Recently, over a thousand crime fiction writers, readers, editors, publishers, and critics descended on Raleigh, North Carolina for the worldwide mystery genre convention known as Bouchercon. Every day, panels were held to discuss the writing and marketing processes behind the books you see in bookstores. Every day, writers gathered to talk shop, swap stories, compare themselves to others, tout their works on panels, and try to make new contacts that might further their careers. Guests of honor were celebrated and authors were available to sign their books for anyone kind enough to ask.
But as is the case in our industry itself, there was a missing piece to Bouchercon: where was the celebration of the writing itself? Because, you know, it really ought to be about the writing. Somewhere along the way, the writing itself has ended up in last place, an afterthought to marketing and sales. And what we do when we gather together reflects that.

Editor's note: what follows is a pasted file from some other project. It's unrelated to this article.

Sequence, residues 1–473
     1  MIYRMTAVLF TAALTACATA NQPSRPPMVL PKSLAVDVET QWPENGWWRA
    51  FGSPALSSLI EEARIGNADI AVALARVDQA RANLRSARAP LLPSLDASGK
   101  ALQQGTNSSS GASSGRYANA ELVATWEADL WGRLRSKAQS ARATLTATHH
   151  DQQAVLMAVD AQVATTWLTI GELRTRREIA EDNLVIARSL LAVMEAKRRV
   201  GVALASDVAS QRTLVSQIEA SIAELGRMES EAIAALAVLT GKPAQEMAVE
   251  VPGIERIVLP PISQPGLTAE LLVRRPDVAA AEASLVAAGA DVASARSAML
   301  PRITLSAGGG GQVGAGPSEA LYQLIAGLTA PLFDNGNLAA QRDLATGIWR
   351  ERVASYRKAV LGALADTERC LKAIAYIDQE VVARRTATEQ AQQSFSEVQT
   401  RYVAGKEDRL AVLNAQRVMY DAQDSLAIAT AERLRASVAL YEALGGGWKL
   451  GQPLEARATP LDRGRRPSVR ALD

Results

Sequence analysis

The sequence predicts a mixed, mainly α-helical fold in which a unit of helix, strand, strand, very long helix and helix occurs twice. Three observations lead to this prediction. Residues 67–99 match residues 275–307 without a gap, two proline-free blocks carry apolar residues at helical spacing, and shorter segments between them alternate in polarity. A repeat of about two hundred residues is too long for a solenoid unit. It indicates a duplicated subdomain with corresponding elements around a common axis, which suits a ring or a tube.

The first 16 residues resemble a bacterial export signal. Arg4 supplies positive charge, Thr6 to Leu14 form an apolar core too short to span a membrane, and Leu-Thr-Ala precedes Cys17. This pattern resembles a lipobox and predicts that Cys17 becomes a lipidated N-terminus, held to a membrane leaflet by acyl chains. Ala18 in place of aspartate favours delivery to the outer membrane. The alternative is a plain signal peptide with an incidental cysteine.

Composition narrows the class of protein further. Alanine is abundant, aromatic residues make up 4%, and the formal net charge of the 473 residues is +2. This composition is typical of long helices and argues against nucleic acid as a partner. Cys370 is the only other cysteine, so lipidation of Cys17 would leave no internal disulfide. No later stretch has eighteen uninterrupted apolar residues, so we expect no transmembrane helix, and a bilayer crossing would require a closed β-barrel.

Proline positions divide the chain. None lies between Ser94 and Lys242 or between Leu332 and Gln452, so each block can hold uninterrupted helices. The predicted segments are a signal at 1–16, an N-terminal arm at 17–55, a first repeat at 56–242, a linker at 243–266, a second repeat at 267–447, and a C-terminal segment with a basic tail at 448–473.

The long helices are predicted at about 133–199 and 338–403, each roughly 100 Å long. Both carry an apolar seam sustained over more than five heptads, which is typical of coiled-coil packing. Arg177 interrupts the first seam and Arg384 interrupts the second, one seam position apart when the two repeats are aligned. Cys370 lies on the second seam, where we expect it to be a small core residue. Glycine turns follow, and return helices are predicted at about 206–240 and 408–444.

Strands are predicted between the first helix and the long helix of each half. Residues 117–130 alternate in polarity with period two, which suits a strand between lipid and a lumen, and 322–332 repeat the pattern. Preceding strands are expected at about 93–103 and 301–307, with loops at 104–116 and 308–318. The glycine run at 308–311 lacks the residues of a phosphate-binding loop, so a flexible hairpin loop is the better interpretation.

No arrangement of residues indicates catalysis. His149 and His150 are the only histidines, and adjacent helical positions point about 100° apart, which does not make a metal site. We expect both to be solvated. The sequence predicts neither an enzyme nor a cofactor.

Yes, publishers need to sell books. Yes, to write a bestseller you probably need to deliver certain elements that readers expect. But the crime genre encompasses a lot of different viewpoints and writing styles and it is impossible to pigeonhole every book into a neat slot. What I want to know is why we even try. Instead of rushing to label every book, why not honor the writing and the author voice that went into it first?